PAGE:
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Budget Issues: Franchise Fund Pilot Review
GAO-03-1069 August 22, 2003
Highlights Page (PDF)   Full Report (PDF, 57 pages)   Accessible Text

Summary

Congress is considering the reauthorization of the six franchise fund pilots authorized by the Government Reform Act of 1994. These self-supporting business-like entities were established to provide common administrative services on a fully reimbursable basis.

The authorization for most of the pilots will expire at the end of fiscal year 2003. In addition to the suggestion of giving the pilots permanent authorization, there has been some discussion in recent years of expanding the franchise fund concept so that all departments and independent agencies can set up a franchise fund.

To provide the context to evaluate franchise fund pilots and fully understand reauthorization issues, GAO agreed to identify the many funds, called intragovernmental revolving funds, that operate with purposes similar to that of franchise funds and to analyze their legal authorities to determine if franchise funds were somehow unique.

In addition, we examined the operations and managerial cost accounting processes of the franchise fund pilots at the Departments of the Interior and Commerce.

We determined if they had taken into account the criteria suggested by the Office of Management and Budget (OMB), including: (1) adhering to OMB/Chief Financial Officers (CFO) Council’s 12 business operating principles, (2) accounting for full cost, and (3) conducting audits of financial statements at the fund level.

The six franchise fund pilots are part of a group of 34 intragovernmental revolving (IR) funds that were created to provide the common support services required by many federal agencies. In general, the legal authorities for these 34 funds are very similar.

Twelve of the 34 funds–including 5 of the franchise fund pilots–have explicit authority to charge for an operating reserve and/or to retain a reserve for acquisition of capital equipment and financial management improvements.

The franchise fund pilots at the Departments of Interior and Commerce have both (1) taken into account many of the 12 business operating principles, (2) designed their cost accounting processes to set fees to recover the full cost of operations, and (3) progressed toward implementing the main cost accounting standards.

The Interior Franchise Fund’s (IFF) major business line, GovWorks, provides acquisition services and has seen dramatic growth in revenue and workload since fiscal year 1997. GovWorks expects continuing growth through fiscal year 2007. The IFF has been subject to an audit of its financial statements at the franchise fund level through fiscal year 2002.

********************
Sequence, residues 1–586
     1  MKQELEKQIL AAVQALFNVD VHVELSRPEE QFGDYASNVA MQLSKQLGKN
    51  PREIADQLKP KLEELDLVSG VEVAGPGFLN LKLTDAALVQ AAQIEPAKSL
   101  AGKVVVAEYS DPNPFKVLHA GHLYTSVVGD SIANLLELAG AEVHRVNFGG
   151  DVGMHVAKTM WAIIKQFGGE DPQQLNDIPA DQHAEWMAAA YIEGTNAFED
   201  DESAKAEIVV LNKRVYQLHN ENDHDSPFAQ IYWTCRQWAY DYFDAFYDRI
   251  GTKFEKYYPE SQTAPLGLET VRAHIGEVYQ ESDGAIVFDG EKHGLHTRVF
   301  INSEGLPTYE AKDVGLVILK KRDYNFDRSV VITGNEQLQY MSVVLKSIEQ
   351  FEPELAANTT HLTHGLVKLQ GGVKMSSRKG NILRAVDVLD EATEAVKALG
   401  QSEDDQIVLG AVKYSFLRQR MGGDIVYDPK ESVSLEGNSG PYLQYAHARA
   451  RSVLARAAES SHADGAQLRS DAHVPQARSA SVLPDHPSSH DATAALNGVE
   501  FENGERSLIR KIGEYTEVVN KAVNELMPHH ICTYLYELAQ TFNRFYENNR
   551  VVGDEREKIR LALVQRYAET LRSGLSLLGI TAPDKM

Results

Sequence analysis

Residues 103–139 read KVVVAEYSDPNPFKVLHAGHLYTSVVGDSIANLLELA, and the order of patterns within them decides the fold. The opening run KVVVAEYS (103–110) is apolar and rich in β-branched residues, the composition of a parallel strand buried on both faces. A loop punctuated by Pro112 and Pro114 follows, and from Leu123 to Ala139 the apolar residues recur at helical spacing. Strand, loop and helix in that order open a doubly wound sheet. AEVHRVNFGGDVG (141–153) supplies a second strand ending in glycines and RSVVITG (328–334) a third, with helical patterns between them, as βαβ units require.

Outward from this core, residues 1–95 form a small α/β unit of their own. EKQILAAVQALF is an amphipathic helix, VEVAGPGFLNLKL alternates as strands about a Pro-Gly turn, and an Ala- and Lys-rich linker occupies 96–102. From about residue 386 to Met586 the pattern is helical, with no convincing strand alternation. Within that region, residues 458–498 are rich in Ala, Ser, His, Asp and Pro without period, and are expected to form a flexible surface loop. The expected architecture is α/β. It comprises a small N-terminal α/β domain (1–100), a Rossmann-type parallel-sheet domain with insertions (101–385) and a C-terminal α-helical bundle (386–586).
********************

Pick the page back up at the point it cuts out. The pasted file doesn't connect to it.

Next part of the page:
The Commerce Franchise Fund’s (CFF) only business line, Office of Computer Services (OCS), provides information technology infrastructure support services and has had a declining revenue and customer base. However, OCS expects its revenues to remain stable through fiscal year 2005. The CFF was subject to financial audits at the franchise fund level for fiscal years 1997 and 1998, and at the department level for fiscal years 2001 and 2002. No audits were conducted for fiscal years 1999 or 2000.

Longer-term reauthorization (more than 1 or 2 years) would be helpful to the operation of franchise fund pilots, but neither their legal authority nor their operation makes franchise funds unique compared to other IR funds.

A primary attraction to the franchise fund label is the explicit ability to retain reserves, and Congress could, and has, given this authority to other IR funds. The explicit authority provisions granted to franchise fund pilots (and a few other IR funds) could be considered case-by-case for individual IR funds.

In deciding whether to provide these authorities to any individual fund, Congress could use the same criteria suggested by OMB for franchise fund pilots, including: (1) examining operations against OMB/CFO’s 12 business operating principles, (2) determining if managerial cost accounting processes are in place to account for the full unit costs of outputs produced, and (3) considering if annual or periodic independent audits are being conducted at the fund level to ensure the reliability of the fund’s financial information.

Individual case-by-case authority would also permit Congress to consider and evaluate the agency’s commitment and the strength of the IR fund’s leadership, which are additional factors that can influence the success of the fund.

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In 1940, the United States Department of the Treasury established the Fiscal Service, which consisted of the Bureau of Accounts, the Bureau of the Public Debt, and the Office of the Treasurer. A 1974 reorganization of the Fiscal Service created the Bureau of Government Financial Operations, which was formed from a merger of the Bureau of Accounts and most functions of the Office of the Treasurer. In 1984, the Bureau of Government Financial Operations was renamed the Financial Management Service (FMS); the new name reflected Treasury’s renewed emphasis on achieving greater efficiency and economy in government financial management.

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THE FINANCIAL MANAGEMENT SERVICE, a bureau of the United States Department of the Treasury, provides central payment services to Federal Program Agencies, operates the federal government’s collections and deposit systems, provides government-wide accounting and reporting services, and manages the collection of delinquent debt owed to the government. FMS also supports federal agencies’ financial management improvement efforts in the areas of education, consulting, and accounting operations.

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